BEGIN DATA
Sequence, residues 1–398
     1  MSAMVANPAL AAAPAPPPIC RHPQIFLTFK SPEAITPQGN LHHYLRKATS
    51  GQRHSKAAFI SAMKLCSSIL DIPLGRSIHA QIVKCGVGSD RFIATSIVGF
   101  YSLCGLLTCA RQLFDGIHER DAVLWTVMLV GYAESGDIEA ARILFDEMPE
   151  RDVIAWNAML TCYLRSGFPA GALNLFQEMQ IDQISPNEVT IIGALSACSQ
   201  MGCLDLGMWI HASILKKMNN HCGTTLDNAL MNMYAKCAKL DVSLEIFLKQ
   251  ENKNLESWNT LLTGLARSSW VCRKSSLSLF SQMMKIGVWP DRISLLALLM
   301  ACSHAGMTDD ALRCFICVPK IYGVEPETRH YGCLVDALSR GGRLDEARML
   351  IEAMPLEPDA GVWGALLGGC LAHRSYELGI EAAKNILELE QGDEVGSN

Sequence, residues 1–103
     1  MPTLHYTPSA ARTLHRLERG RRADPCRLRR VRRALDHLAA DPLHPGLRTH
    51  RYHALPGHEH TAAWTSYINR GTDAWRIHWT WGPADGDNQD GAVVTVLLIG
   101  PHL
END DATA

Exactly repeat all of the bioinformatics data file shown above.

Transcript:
Sequence, residues 1–398
     1  MSAMVANPAL AAAPAPPPIC RHPQIFLTFK SPEAITPQGN LHHYLRKATS
    51  GQRHSKAAFI SAMKLCSSIL DIPLGRSIHA QIVKCGVGSD RFIATSIVGF
   101  YSLCGLLTCA RQLFDGIHER DAVLWTVMLV GYAESGDIEA ARILFDEMPE
   151  RDVIAWNAML TCYLRSGFPA GALNLFQEMQ IDQISPNEVT IIGALSACSQ
   201  MGCLDLGMWI HASILKKMNN HCGTTLDNAL MNMYAKCAKL DVSLEIFLKQ
   251  ENKNLESWNT LLTGLARSSW VCRKSSLSLF SQMMKIGVWP DRISLLALLM
   301  ACSHAGMTDD ALRCFICVPK IYGVEPETRH YGCLVDALSR GGRLDEARML
   351  IEAMPLEPDA GVWGALLGGC LAHRSYELGI EAAKNILELE QGDEVGSN

Sequence, residues 1–103
     1  MPTLHYTPSA ARTLHRLERG RRADPCRLRR VRRALDHLAA DPLHPGLRTH
    51  RYHALPGHEH TAAWTSYINR GTDAWRIHWT WGPADGDNQD GAVVTVLLIG
   101  PHL